Gaming addiction or disorder

Up to 10% of gamers struggle with Video Game Addiction or Gaming Disorder

Gaming disorder, both online and offline, has been defined for the first time in the International Classification of Diseases (ICD-11) by the World Health Organisation. The ICD is the foundation for the identification of health trends and statistics globally, and the international standard for reporting diseases and health conditions. It is the diagnostic classification standard for all clinical and research purposes.


10% to 15% of young people in Asian countries and 1% to 10% of young people in Western countries are addicted to video games.


It remains very much a hidden disease since players usually play in the confines of their home and is often associated with social anxiety and depression.


How Gaming disorder links to other addictions

Gaming disorder shares many features with other addictions including drugs, alcohol and gambling addiction. Functional neuroimaging also shows that similar areas of the brain are activated.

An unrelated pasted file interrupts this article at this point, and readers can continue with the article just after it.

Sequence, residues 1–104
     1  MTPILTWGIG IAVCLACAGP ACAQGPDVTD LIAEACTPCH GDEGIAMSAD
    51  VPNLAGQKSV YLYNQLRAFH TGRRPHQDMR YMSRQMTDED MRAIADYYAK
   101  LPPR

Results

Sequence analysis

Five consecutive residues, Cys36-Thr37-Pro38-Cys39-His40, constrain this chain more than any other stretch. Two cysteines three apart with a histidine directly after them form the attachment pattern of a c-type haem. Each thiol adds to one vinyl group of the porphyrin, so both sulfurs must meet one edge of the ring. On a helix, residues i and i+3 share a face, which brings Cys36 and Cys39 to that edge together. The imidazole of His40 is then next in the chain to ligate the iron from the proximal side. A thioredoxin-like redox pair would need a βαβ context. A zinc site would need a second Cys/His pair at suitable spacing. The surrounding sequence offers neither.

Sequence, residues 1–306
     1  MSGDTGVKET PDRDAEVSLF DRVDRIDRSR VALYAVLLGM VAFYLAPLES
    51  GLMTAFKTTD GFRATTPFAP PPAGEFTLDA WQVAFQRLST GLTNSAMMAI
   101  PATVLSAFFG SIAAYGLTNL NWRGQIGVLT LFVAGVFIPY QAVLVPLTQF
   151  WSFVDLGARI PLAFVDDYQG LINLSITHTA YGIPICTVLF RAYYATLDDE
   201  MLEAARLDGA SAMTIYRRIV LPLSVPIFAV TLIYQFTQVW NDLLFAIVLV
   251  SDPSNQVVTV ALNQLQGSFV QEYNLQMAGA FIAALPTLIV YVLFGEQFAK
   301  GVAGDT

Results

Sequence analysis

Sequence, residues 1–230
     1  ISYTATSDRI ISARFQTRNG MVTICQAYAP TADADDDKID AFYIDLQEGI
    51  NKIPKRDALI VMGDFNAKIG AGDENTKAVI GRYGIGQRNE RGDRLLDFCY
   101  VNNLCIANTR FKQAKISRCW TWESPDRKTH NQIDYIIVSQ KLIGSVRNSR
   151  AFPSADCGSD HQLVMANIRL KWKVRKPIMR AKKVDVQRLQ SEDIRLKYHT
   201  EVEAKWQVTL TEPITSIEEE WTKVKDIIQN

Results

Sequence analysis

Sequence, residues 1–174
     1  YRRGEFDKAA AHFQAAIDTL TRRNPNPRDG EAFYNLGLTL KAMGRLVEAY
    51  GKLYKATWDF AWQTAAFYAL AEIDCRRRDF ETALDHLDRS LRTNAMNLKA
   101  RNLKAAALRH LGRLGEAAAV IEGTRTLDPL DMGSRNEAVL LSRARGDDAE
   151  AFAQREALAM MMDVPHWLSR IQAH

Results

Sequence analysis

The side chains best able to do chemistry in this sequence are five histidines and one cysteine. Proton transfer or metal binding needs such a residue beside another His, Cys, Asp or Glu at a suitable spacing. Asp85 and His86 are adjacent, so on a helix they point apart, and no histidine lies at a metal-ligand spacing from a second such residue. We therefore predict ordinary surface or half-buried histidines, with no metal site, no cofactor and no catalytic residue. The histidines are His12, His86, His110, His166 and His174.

Governments and health agencies worldwide are seeking for the effects of online gaming to be addressed, and for preventive approaches to be developed.

We are concerned about gaming disorder but we similarly concerned about a moral panic around gaming disorder.


How we approach video game addiction

The Institute of Games recognizes that in 90% of all cases gaming is played in a healthy and positive way. But even ‘heatlhy gaming’ can still lead to conflicts and arguments in the family home. In most cases these tensions or conflicts should be seen as adolescent behaviour, testing the boundaries of parents. This requires a resourcing for parents and perhaps a conflict resolution process, not necessary a clinical intervention.

At times we come across cases in which gaming is extreme. Young people dropping out of school, deteriorating family relationships, severe negative health impacts and impaired functioning. In these cases professional help should be available to assist the young person and their family.

The Institute of Games can help you with both parenting issues and addiction. Get in touch with us to find out more.

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Further reading:

Saunders et al. 2017, Gaming disorder: Its delineation as an important condition for diagnosis, management, and prevention, Journal of Behavioral Addictions 6(3), pp. 271–279

Aarseth et al. 2017, Scholars’ open debate paper on the World Health Organization ICD-11 Gaming Disorder proposal, Journal of Behavioral Addictions 6(3), pp. 267–270

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